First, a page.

While the recipe below is done in a skillet, I have used this sauce successfully both atop the grill and under the broiler, with meat and poultry as well as tofu, or over portabello mushrooms. FYI, the term "bbq-style" refers to the sauce, a somewhat richer version of the bottled bbq sauces we used when I was growing up in Michigan. I am not trying to imitate North Carolina bbq (pulled pork) or any other regional specialty. (Pulled tempeh, anyone?)
3/4 lb organic tofu
minced yellow onion (optional)
olive oil or other light vegetable oil for pan
For the BBQ Sauce (about 1 cup):
1/3 cup organic ketchup
3-4 tablespoons organic dark or blackstrap molasses
1 large (3 small) garlic cloves, crushed/minced
1-2 tablespoons minced onion
2 tablespoons olive olive
2 teaspoons (or to taste) prepared stone-ground mustard
1 “krimson spice” or other small fresh hot pepper, about 1", seeded and chopped
(or substitute cayenne or pepper flakes to taste)
1/4-1/2 cup water
Cube tofu, then brown on all sides in cast iron skillet or other heavy pan on medium-high heat. Add the minced onion if desired. Make sure the pan is hot (not smoking) before adding tofu, so skin is "seared"; if too cold, the skin sticks to the surface of the pan.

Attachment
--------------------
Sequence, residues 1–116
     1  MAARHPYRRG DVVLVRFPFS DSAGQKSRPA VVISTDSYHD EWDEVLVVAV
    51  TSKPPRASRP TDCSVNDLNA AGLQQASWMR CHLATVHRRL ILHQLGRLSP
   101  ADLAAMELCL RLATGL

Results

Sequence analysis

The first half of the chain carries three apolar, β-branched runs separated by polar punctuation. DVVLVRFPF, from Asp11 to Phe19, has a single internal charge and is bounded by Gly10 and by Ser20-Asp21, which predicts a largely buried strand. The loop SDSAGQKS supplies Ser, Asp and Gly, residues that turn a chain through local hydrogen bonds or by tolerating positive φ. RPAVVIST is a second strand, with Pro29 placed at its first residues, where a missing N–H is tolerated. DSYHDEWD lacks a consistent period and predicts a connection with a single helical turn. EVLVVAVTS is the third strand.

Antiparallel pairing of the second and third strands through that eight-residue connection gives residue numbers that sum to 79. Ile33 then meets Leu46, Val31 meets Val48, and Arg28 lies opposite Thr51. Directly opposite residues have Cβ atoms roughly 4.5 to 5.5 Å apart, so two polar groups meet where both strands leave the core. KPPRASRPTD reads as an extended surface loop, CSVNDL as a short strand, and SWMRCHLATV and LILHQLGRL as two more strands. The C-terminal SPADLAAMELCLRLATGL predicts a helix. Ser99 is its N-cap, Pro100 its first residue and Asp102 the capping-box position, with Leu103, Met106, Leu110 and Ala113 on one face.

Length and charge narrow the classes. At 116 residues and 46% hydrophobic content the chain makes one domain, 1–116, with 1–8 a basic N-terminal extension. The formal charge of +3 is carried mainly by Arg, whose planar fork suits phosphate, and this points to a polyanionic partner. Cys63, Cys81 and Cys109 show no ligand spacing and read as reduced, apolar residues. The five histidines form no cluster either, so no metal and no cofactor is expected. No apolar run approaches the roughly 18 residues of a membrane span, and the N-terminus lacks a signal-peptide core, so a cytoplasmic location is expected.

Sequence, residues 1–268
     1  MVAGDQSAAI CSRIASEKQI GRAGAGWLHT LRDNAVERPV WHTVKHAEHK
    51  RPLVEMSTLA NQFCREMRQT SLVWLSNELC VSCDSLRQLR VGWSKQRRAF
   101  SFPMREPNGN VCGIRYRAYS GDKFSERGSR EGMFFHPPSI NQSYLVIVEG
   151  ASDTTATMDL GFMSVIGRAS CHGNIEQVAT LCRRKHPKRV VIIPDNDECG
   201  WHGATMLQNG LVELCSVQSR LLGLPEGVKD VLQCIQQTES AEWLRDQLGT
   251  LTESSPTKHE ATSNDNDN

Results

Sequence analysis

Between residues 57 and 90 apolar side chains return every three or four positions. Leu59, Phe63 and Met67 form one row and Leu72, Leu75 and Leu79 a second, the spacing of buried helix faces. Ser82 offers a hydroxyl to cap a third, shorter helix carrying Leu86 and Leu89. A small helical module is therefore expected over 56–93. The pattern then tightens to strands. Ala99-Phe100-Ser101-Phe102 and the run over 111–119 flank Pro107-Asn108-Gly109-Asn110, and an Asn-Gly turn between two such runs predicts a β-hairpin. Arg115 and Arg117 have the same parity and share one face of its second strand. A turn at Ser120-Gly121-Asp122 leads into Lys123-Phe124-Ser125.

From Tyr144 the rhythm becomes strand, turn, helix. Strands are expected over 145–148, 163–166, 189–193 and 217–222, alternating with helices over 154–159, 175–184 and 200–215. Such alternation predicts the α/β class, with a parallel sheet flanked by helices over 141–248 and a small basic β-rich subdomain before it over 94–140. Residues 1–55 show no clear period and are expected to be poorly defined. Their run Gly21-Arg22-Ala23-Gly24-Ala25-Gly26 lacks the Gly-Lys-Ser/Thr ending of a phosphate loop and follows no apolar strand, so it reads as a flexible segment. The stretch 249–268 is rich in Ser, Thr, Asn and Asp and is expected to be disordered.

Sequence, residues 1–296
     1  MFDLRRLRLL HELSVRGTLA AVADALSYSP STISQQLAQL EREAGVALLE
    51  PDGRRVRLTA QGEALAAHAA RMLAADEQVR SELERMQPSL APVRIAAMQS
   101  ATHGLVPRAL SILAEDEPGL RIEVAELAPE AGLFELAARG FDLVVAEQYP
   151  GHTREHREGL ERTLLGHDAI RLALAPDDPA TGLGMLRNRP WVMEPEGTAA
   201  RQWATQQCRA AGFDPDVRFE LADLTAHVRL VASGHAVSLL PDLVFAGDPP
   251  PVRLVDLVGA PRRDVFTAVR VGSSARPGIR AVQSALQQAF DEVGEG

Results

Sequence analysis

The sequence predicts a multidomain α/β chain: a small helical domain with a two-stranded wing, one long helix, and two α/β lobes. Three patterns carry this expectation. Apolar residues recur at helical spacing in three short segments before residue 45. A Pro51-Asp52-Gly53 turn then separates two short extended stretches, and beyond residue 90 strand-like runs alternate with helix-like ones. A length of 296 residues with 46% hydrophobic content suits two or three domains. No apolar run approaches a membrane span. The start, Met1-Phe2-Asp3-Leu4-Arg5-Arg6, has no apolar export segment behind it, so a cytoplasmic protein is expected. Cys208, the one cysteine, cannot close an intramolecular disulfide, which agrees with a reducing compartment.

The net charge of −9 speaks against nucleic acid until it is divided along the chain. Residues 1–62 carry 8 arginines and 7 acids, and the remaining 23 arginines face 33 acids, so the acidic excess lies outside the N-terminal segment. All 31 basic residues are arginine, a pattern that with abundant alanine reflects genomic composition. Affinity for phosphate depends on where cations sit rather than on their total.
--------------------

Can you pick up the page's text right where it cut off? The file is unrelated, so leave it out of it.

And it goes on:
Prepare sauce by combining all ingredients, adding water last to bring the total to 1 full cup; emulsify after each addition until sauce is opaque and thoroughly blended. Adjust seasonings to taste.
When tofu is golden brown on all sides (and onion translucent), pour 1/2 cup of the sauce over the tofu. Store remainder in the refrigerator for use another time. Turn heat down slightly to medium (or just below); toss with spatula to coat thoroughly. Turn as necessary. When most of sauce has been absorbed and thickened (tofu may be somewhat blackened at the edges), turn down very low and cover for a few minutes to let tofu continue absorbing flavors, or serve immediately.
Serves two very hungry women (with veggies and sides) two servings each.
Note: The sauce can be made while browning the tofu or made beforehand and stored in the refrigerator. If made ahead of time, bring it to room temperature before using and stir to recombine if ingredients have separated.